English edit

Pronunciation edit

Etymology 1 edit

From Middle English marien, from Anglo-Norman marïer, from Latin marītāre (to wed), from marītus (husband, suitor), from mās (man, male), of uncertain origin. Possibly from Proto-Indo-European *méryos (young man), same source as Sanskrit मर्य (márya, suitor, young man). Compare its feminine derivatives: Welsh morwyn (girl), merch (daughter), Crimean Gothic marzus (wedding), Ancient Greek μεῖραξ (meîrax, boy; girl), Lithuanian martì (bride), Avestan 𐬨𐬀𐬌𐬭𐬌𐬌𐬀 (mairiia, yeoman).[1]) Displaced native Old English hīwian.

Verb edit

marry (third-person singular simple present marries, present participle marrying, simple past and past participle married)

  1. (intransitive) To enter into the conjugal or connubial state; to take a husband or a wife. [from 14th c.]
    Synonyms: get married, wed; see also Thesaurus:marry
    Antonym: divorce
    Neither of her daughters showed any desire to marry.
    • 1641, Evelyn, Diary, quoted in 1869 by Edward J. Wood in The Wedding Day in All Ages and Countries, volume 2, page 241:
      Evelyn, in his "Diary," under date 1641, says that at Haerlem "they showed us a cottage where, they told us, dwelt a woman who had been married to her twenty-fifth husband, and, being now a widow, was prohibited to marry in future; [] "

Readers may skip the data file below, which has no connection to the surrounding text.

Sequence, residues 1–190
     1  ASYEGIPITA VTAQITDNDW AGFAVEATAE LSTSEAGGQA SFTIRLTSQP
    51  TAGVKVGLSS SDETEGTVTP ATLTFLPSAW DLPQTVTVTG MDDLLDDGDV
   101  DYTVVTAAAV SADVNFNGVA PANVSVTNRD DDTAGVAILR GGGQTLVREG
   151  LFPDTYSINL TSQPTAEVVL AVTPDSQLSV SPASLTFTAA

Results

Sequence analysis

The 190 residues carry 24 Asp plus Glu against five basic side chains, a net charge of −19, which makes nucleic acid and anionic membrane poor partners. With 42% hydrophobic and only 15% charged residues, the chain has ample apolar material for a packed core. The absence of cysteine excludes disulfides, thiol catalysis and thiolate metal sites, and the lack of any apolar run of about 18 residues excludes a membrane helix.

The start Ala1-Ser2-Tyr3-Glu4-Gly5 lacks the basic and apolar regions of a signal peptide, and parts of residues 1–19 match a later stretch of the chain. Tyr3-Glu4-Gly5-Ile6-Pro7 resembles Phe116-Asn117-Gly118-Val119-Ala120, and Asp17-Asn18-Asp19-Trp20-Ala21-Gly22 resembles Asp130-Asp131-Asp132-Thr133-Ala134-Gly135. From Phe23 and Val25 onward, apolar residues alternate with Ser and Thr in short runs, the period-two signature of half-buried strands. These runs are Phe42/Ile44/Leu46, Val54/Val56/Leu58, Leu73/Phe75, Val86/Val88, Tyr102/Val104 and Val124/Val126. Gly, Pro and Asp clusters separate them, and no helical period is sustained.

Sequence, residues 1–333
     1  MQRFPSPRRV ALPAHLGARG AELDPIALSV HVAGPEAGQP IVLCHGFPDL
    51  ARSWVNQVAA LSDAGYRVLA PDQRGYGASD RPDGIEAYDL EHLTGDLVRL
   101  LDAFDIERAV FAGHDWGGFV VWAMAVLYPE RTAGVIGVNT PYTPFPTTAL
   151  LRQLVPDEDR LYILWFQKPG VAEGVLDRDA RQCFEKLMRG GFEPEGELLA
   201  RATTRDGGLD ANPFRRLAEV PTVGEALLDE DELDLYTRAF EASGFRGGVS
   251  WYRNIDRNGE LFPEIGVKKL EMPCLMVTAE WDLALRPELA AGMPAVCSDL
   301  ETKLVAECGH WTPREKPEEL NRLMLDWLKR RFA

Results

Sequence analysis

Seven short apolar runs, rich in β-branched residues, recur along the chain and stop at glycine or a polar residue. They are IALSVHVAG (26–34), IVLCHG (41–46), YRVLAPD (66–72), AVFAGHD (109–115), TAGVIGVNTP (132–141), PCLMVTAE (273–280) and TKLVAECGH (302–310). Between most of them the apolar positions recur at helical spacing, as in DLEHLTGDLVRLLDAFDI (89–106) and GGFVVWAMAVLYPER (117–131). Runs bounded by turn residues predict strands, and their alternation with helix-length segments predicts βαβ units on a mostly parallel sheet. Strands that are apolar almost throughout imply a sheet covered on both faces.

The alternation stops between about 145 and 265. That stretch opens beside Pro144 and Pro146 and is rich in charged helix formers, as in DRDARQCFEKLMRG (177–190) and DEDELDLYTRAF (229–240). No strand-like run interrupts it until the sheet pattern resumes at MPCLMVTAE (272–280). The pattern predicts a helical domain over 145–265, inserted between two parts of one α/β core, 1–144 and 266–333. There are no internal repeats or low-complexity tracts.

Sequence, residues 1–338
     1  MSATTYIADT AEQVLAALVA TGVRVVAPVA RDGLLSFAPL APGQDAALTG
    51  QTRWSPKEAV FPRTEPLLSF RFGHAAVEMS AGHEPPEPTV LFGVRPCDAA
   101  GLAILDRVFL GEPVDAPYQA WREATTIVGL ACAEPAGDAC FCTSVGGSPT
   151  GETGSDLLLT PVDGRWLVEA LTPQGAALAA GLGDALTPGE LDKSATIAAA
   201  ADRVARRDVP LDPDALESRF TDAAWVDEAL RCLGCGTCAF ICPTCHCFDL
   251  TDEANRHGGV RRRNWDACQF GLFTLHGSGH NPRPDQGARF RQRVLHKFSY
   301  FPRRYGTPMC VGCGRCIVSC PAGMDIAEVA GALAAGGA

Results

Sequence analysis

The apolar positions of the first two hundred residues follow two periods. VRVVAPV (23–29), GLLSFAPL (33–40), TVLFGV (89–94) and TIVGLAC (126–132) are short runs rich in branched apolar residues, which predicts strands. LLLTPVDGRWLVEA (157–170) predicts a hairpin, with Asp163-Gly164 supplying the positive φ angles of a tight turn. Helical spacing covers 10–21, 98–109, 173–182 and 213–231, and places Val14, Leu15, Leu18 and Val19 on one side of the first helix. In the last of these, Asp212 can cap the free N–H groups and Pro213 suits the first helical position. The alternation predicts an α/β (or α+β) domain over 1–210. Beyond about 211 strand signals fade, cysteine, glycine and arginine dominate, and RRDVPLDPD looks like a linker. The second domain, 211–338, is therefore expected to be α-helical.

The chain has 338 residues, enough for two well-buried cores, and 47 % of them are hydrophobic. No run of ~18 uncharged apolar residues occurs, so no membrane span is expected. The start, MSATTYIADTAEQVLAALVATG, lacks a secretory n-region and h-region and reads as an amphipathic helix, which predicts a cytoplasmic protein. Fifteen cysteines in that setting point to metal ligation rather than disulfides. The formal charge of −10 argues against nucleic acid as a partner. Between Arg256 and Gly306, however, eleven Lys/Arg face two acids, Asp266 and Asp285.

• 1755, The Holy Bible, both Old and New Testament, Digested, Illustrated, and Explained, second edition, page 59:
      But Esau, being now forty years of age, took a false step by marrying not only without his parents consent; but with two wives, daughters of the Hittites.
    • 1975 March 17, Marian Christy, “Suzy Chaffee, A Liberated Beauty”, in The Lebanon Daily News:
      If and when Suzy does marry, it will be an open marriage because she's a believer in the "totality" of freedom.
    • 1975 July, Janis Ian (lyrics and music), “At Seventeen”:
      the rich relationed hometown queen marries into what she needs
  2. (intransitive) To enter into marriage with one another.
    Jack and Jenny married soon after they met.
  3. (transitive) To take as husband or wife. [from 15th c.]
    In some cultures, it is acceptable for an uncle to marry his niece.
  4. (transitive) To arrange for the marriage of; to give away as wife or husband. [from 14th c.]